The present book is concerned with spatial interaction modelling. In particular, it aims to illustrate, through a collection of methodological and empirical studies, how estimation approaches in this field recently developed, by including the tools typical of spatial statistics and spatial econometrics (Anselin 1988; Cressie 1993; Arbia 2006, 2014), into what LeSage and Pace (2009) deemed as ‘spatial econometric interaction models’. It is no surprise to scientists and practitioners in regional science, planning, demography or economics that spatial interaction models (or gravity models, following the traditional Newtonian denomination, still popular in fields like international trade) still are, after a long time, some of the most widely used analytical tools in studying interactions between social and economic agents observed in space. Spatial interaction indeed underlies most processes involving individual choices in regional economics, and can apply to all economic agents (firms, workers or households, public entities, etc.). Although spatial interaction models originated at the end of the 19th century following the Newtonian paradigm relating two masses and the distance between them (for a more detailed review, see Sen and Smith 1995), they now have solid theoretical economic foundations grounded on probabilistic theory, discrete choice modelling and entropy maximization. The works of, among others, Stewart (1941), Isard (1960) and Wilson (1970) during the 20th century provided such foundations, and allowed to see spatial interaction models not just as mechanical tools for empirical analysis, but also as a framework for theoretical and structural analyses (see, e.g., Baltagi and Egger 2015; Egger and Tarlea 2015). A spatial interaction model describes the movement of people, items or information (the list of possible applications is long) between generic spatial units. We can loosely write it as a multiplicative model of the type: ( ), ij i j ij T kO D f d a b = (1) where Tij is the flow (physical or not) moving from unit i to unit j, k is a proportionality constant, Oi and Dj are sets of potentially different variables (e.g., population, income, jobs) measured at the origin and the destination, respectively, and dij is the distance (possibly measured according to different metrics) between units i and j. The latter is solely an example of different types of deterrence variables accounting for factors which impede or favour pairwise interaction. Different functional forms – most frequently power or exponential – have been tested over the years to model the effect of distance on spatial interaction. The parameters , and those involved by the deterrence functions need to be properly estimated. Such a simple specification is described as an unconstrained model, because it does not fix the total number of outgoing or incoming flows (the marginal sums of the origindestination matrix). Singly- or doubly-constrained model specifications impose such limitations by including sets of balancing factors, which are nonlinear constraints requiring iterative calibration (Wilson 1970). Constrained approaches, which are often seen as the correct way of estimating the model, are, however, only seldom used in applied work, mostly because of the computational complexity involved. Although spatial interaction models have been used for decades by researchers and practitioners in many fields, several authors have shown a renewed interest in them over the last 10–15 years, both with regards to the theoretical foundations and to the estimation approaches the latter being greatly facilitated by the wider computing power availability. The contributions by Anderson and van Wincoop (2003, 2004) pushed the envelope in trade-related research by proposing a theory-consistent interpretation of the balancing factors, relabelled as multilateral resistance terms. Santos Silva and Tenreyro (2006) provided a stepping stone in the discussion on the estimation of spatial interaction (and in general multiplicative) models. They suggested that, because of Jensen’s inequality and of overdispersion, these models should not be estimated in their loglinear transformation, but rather using the count data (such as the Poisson) regressions framework. The pseudo-maximum likelihood estimator proposed by the authors is now one of the most commonly used estimation approaches. Further studies focus on further issues in complementing the above groundbreaking studies. Burger et al. (2009) reviewed alternative estimation approaches focusing on the cases of excess zeros; Baltagi and Egger (2015) proposed a quantile regression approach; Egger (2005), Baier and Bergstrand (2009) and Egger and Staub (2015) proposed estimators for the cross-sectional model, while Egger and Pfaffermayr (2003) discussed panel estimation issues. Many more studies of recent publication could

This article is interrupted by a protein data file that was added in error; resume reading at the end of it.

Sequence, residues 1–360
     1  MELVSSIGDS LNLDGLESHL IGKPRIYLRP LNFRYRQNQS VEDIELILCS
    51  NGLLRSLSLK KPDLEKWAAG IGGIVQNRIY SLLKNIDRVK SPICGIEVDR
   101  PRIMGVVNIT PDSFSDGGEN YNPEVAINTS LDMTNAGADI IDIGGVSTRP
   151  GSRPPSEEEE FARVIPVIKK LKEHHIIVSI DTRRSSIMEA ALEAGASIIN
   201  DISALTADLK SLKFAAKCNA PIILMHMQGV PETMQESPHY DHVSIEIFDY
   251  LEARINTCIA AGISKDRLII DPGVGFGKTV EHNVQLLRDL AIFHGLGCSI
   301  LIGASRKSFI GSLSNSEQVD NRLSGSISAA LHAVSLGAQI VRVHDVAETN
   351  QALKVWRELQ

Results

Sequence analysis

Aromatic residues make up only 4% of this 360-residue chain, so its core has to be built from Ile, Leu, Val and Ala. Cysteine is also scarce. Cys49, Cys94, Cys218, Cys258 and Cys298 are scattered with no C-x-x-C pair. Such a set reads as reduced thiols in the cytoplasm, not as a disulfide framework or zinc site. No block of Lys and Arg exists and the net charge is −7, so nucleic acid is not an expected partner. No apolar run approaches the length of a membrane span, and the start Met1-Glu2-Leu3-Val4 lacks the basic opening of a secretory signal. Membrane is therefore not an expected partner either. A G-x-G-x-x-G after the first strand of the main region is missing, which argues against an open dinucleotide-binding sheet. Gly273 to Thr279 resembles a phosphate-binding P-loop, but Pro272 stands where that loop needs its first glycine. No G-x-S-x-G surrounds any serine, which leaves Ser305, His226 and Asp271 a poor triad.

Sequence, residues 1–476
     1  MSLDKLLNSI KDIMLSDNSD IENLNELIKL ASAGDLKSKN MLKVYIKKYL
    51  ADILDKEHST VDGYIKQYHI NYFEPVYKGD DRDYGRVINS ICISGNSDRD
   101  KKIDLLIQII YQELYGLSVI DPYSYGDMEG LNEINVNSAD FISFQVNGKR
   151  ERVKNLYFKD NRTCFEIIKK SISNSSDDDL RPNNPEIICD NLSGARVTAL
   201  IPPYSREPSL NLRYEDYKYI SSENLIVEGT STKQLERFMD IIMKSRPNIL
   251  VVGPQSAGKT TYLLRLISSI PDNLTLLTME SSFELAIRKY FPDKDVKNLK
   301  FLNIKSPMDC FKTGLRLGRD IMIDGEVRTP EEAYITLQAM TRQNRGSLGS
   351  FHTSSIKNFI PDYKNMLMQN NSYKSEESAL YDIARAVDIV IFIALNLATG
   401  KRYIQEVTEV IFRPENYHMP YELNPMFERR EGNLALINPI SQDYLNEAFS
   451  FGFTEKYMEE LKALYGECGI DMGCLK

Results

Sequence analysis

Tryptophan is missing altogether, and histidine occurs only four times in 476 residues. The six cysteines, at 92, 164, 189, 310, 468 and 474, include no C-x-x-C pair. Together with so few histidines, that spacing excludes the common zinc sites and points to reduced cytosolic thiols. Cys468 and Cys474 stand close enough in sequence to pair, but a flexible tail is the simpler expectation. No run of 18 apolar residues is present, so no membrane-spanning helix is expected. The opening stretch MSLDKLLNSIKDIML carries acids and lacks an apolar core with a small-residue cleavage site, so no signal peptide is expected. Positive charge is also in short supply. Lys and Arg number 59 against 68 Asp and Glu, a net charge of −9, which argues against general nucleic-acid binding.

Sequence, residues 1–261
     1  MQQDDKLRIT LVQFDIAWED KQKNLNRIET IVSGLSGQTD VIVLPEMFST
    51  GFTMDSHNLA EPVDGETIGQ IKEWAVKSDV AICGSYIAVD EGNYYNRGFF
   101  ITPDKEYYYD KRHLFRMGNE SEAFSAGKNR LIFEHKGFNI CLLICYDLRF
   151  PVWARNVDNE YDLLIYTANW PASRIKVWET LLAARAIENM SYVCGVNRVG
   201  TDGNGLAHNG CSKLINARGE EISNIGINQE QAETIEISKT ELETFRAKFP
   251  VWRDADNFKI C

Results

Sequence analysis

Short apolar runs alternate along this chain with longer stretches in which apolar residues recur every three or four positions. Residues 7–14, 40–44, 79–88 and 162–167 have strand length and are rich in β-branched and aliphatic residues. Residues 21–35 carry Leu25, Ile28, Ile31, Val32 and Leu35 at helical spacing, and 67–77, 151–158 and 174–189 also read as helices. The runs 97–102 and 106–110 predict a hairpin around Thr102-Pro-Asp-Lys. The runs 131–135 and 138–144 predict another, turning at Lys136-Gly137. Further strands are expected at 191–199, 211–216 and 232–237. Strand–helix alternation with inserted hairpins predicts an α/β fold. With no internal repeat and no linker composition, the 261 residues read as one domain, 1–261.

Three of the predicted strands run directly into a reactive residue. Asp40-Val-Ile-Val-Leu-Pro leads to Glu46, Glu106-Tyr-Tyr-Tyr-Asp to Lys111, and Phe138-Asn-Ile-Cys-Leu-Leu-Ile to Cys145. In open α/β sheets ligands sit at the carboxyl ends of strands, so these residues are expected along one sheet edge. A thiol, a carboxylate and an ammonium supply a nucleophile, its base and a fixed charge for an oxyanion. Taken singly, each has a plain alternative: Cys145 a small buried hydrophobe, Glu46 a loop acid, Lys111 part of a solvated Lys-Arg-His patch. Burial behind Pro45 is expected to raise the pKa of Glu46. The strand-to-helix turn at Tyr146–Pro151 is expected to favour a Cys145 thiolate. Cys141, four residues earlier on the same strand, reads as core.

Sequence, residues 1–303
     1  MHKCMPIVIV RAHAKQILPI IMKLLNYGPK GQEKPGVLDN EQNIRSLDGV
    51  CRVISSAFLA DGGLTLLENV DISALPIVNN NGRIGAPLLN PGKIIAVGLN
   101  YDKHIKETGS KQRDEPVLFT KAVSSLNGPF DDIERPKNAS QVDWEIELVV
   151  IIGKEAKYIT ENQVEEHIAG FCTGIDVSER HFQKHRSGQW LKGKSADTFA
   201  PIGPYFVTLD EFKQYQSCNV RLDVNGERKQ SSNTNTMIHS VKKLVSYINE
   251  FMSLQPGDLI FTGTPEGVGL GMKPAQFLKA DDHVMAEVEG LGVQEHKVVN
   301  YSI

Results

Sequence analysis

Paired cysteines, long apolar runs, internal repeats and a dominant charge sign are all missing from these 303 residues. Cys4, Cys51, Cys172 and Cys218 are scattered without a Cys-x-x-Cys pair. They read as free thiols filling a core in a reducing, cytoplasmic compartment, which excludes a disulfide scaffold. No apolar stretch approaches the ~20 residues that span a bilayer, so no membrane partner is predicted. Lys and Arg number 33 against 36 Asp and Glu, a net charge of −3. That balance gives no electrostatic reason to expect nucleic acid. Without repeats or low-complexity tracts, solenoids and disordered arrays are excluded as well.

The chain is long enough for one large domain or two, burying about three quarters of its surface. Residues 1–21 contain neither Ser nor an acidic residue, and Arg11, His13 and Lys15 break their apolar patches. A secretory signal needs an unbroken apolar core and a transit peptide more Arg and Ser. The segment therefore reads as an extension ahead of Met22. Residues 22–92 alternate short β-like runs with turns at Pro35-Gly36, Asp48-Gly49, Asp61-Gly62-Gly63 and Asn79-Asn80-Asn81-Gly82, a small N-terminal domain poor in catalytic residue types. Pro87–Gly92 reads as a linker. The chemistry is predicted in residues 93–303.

Arbia, G., Patuelli, R., Spatial econometric interaction modelling, Springer Verlag, Heidelberg 2016: 468. 10.1007/978-3-319-30196-9_1 [http://hdl.handle.net/10807/97414]

Spatial econometric interaction modelling

Arbia, Giuseppe
Secondo
;
2016

Abstract